An Interview with Jon Wurster

The week before Thanksgiving, I had the pleasure of doing a phone interview with Jon Wurster, writer, humorist and, most pertinent to the assignment, drummer for the mighty Superchunk (among others, including Bob Mould and The Mountain Goats). The resulting profile feature for Creative Loafing is here; below is the full transcript of our conversation. Photo courtesy of Merge Records and Jason Arthurs.

So, Superchunk is on its, what, 11th return to form? Every time you put out a record, it “sounds just like the last record” and at the same time is a “stunning return to form.”

JW: Right. I guess it does kind of. I guess the other side of that is every time the band puts a record out, they say it’s their best record. You just do what you do, and your can’t really worry what everyone’s going to think about it. But I think it’s probably close to that early punky, poppy sound of those first handful of records, so I could see why people would say that.

Were you ready to go back to Superchunk full time?

JW: No, and we’re not. [Laughs] I don’t think we ever planned on going back to anything like we had been doing for that 11-year stretch, or whatever it was, ’91 to 2001. We would tour so much and record so much, it was a full-time job, and everyone has kind of moved on in their lives to different things. It’s so much fun to come back to it in this way now, where you don’t have to think about it like, I’m kind of saddled to this for most of this year. We have blocks of things we’ll do, and one-off stuff, and we’ll plan our lives around that, Mac and Laura do Merge, people do Portastatic, I play with different people. Stuff moves around the other stuff, and that’s what makes it fun to go back to on occasion. You’re refreshed and excited, whereas in the past, toward the end of that stretch especially we were all kind of burned out on it, you just get tired of it, like anything you’re doing full time, you hit a wall at some point. Speaking for myself, I hit that wall. It was time to step away from it for a while.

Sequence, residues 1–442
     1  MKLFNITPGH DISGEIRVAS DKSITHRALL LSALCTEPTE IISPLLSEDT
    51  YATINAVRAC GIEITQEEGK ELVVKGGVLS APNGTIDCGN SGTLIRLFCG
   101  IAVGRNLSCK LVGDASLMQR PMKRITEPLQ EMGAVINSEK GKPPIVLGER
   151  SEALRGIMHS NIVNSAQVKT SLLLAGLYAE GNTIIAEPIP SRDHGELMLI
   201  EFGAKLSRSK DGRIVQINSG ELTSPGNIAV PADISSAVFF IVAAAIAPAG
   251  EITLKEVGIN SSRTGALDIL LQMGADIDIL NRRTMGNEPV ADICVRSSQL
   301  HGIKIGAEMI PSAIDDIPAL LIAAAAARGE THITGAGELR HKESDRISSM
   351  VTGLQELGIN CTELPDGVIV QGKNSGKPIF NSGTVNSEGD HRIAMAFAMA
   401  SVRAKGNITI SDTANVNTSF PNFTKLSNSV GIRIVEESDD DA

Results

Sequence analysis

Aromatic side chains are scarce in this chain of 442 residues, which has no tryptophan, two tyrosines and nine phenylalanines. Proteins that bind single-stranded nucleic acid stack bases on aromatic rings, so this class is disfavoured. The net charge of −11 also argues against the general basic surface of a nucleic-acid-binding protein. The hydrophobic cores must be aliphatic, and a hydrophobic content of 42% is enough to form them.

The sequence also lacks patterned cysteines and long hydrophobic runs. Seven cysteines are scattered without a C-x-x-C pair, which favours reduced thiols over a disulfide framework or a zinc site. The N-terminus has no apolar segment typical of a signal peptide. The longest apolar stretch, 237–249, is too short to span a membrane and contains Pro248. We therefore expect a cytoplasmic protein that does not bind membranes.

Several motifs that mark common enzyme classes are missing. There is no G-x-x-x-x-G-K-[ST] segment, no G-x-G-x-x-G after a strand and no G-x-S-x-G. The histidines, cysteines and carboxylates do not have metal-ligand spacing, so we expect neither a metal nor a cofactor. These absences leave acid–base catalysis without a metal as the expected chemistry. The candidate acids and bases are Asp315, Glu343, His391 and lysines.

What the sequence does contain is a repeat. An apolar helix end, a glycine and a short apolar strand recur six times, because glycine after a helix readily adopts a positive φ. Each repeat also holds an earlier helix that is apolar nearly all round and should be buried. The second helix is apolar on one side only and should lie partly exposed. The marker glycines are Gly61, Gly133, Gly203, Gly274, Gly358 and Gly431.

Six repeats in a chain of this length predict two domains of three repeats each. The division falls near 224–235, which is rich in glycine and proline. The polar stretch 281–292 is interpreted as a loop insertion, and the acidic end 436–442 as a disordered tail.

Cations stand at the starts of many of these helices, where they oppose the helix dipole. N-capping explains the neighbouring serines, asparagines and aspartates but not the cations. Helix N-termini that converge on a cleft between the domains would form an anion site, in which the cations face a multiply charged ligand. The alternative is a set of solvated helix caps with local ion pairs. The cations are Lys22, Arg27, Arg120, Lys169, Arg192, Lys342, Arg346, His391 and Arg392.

The record does really have a tangible sense of youthful energy or ebullience.

JW: Yeah. I don’t really know what accounts for that. We really didn’t set forth with an agenda, but these were the songs that Mac had written. From Here’s Where The Strings Come In on, we kind of wrote the songs form the ground up, and we all came up with parts, wrote them together that way, and he would go off an write the melodies and lyrics. This time, because time was so hard to come by for us to get together in a room, he wrote the songs, and demoed, them, and would send us the demos. We’d learn ’em, and I’d come to town, and we’re run through them a few times and record them. It was a very fresh, spontaneous approach.

Was it strange returning to the sort of process where Mac had the structure of the songs pretty much in place before you guys came in?

JW: Not for me, because I had kind of gotten into this role as a supporting player for a bunch of different artists, and that’s kind of how I was operating for the last few years. If I’m playing with Bob Mould or someone, he would show me how the song would go that day, and we’d record it. I was in that mode.

I’m not quite sure what it was like for the others, but I really liked doing it that way. There’s less time to really overthink it. I think that’s the main thing. When I listen to a record like Here’s To Shutting Up or Come Pick Me Up, I can remember being in the basement and laboring over what to do. If you’ve only got a day or two to really figure it out, then you go with your initial idea, which is usually the best idea, I think. That might account for [Majesty] having this kind of cool, youthful bam-bam-bam quality to it.